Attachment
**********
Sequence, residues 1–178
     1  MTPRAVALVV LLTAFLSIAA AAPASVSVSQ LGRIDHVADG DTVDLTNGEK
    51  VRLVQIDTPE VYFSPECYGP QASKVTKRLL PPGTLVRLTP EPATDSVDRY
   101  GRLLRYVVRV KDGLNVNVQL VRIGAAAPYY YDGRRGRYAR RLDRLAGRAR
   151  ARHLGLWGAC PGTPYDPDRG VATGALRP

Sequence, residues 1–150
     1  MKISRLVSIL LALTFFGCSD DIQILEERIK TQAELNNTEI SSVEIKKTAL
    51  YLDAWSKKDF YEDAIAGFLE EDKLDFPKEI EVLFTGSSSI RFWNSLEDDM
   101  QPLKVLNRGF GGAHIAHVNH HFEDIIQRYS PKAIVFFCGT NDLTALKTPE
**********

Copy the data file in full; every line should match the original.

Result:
Sequence, residues 1–178
     1  MTPRAVALVV LLTAFLSIAA AAPASVSVSQ LGRIDHVADG DTVDLTNGEK
    51  VRLVQIDTPE VYFSPECYGP QASKVTKRLL PPGTLVRLTP EPATDSVDRY
   101  GRLLRYVVRV KDGLNVNVQL VRIGAAAPYY YDGRRGRYAR RLDRLAGRAR
   151  ARHLGLWGAC PGTPYDPDRG VATGALRP

Sequence, residues 1–150
     1  MKISRLVSIL LALTFFGCSD DIQILEERIK TQAELNNTEI SSVEIKKTAL
    51  YLDAWSKKDF YEDAIAGFLE EDKLDFPKEI EVLFTGSSSI RFWNSLEDDM
   101  QPLKVLNRGF GGAHIAHVNH HFEDIIQRYS PKAIVFFCGT NDLTALKTPE